As children, there was nothing as fun and exciting as unwrapping a new toy on Christmas morning.
Along with being fun to play with, toys helped fuel a growing imagination and expanding sense of the world around us. Toys often gave us our first glimpse at new things or concepts we had yet to discover.
Because of this, our favorite toys often inspire our futures. How many kids wanted to grow up to be firemen because of their red toy fire engine? How many model rockets spawned a new generation of astronauts, astronomers and aerospace engineers?
The toys we learned about the world with can put us on a course toward the careers we earn a living with. Here are a few popular types of toys and playthings you might have grown up loving, and which craft careers they might connect you to.
If you loved to spend hours out in the sandbox digging and moving sand and dirt with a yellow toy bulldozer, you’re not alone. Trucks and vehicles are classic source of enjoyment, and seeing a real-life version of your favorite construction truck working alongside the road would widen our eyes in awe.
Luckily, you don’t need to admire these massive machines from afar anymore. With a career as a Heavy Equipment Operator, you can be in the driver’s seat of excavators, bulldozers, forklifts, dump trucks, and many other construction vehicles. You can make good money, too – heavy equipment operators earn an average base salary of $60,828.
Another traditional toy, building blocks helped us build houses, towers, and other structures straight from our imagination. From simple wooden blocks to the incredibly popular LEGO bricks, these building materials gave us the perfect medium to create with our own hands while (perhaps unknowingly) learning concepts such as physics and structural support.
For those who loved to build, Carpentry or Masonry might be a perfect career path. Carpenters mainly use wood while masons specialize in stone, but both professions are key in the construction of almost any kind of structure. And while both require math and science applications, they also scratch that creative itch that developed as a child playing with building blocks.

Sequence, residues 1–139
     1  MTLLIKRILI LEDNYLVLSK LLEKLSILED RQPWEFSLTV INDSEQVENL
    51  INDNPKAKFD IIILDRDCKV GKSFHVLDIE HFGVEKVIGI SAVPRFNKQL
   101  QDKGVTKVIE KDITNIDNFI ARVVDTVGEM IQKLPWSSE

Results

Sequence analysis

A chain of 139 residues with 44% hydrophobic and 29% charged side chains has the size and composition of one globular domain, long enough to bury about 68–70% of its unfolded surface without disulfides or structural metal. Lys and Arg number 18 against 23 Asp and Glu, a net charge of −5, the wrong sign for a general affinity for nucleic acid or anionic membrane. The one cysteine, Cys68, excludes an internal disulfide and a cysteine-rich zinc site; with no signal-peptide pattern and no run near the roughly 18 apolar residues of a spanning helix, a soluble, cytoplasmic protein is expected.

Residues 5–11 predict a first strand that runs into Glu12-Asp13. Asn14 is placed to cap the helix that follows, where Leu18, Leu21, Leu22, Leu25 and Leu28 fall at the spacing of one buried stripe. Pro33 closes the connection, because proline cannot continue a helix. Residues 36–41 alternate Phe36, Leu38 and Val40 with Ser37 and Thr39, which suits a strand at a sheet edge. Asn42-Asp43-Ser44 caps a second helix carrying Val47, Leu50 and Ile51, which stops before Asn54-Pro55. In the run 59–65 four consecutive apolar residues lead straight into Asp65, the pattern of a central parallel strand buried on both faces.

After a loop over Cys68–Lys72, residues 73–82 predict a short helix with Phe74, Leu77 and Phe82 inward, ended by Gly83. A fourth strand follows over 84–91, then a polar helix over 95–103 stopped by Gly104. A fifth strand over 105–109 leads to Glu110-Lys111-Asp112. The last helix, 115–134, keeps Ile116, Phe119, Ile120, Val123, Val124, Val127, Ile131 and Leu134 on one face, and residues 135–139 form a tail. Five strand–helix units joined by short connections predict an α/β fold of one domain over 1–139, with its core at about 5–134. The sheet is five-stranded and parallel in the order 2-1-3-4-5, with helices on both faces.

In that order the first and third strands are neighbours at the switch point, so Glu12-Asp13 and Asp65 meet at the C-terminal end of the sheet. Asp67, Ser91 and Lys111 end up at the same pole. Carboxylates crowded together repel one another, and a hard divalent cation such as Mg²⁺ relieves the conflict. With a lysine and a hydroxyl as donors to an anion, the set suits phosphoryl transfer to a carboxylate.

From painting and drawing to gluing together popsicle sticks, everyone loved arts and crafts! Admit it, you felt proud when your handprint Thanksgiving turkey got posted on the refrigerator or your felt ornament was hung from the Christmas tree.
Even those small decorations and creations took craftsmanship, and those skills can apply to a number of construction jobs.
Professional Painters help ensure structures are the desired color and apply protective coatings to help prevent deterioration. Some specialized painters can even work on the preservation of historic buildings.
Meanwhile, Welding is the ultimate evolution of Elmer’s glue! Instead of squeezing paste out of a white bottle, welders use heat and pressure to fuse materials like steel together. We don’t recommend using a torch to stick on googly eyes, though.
Nothing beats the joy of grabbing the joysticks and playing some video games. Whether you’re moving a character, driving a car or flying a fighter jet, the feeling of control that holding a controller brings is unmatched.
The controls used in the operation of cranes are in many ways similar to how you would play on PlayStation, Xbox or arcade games. In fact, more and more video game-like technology, such as simulators, are being used to train construction students for their careers. There are many advantages to doing some training through simulators, especially given the size and expense of cranes and the area required for using them.
The toys we played with as a kid can reveal a lot about our developing personalities and interests. In turn, the toys we have can affect how those personalities and interests develop.
While you were busy having fun, the toys and games you grew up with may have unknowingly been preparing you for an in-demand and lucrative career.
Interested in learning more about potential careers? Check out our construction career pages.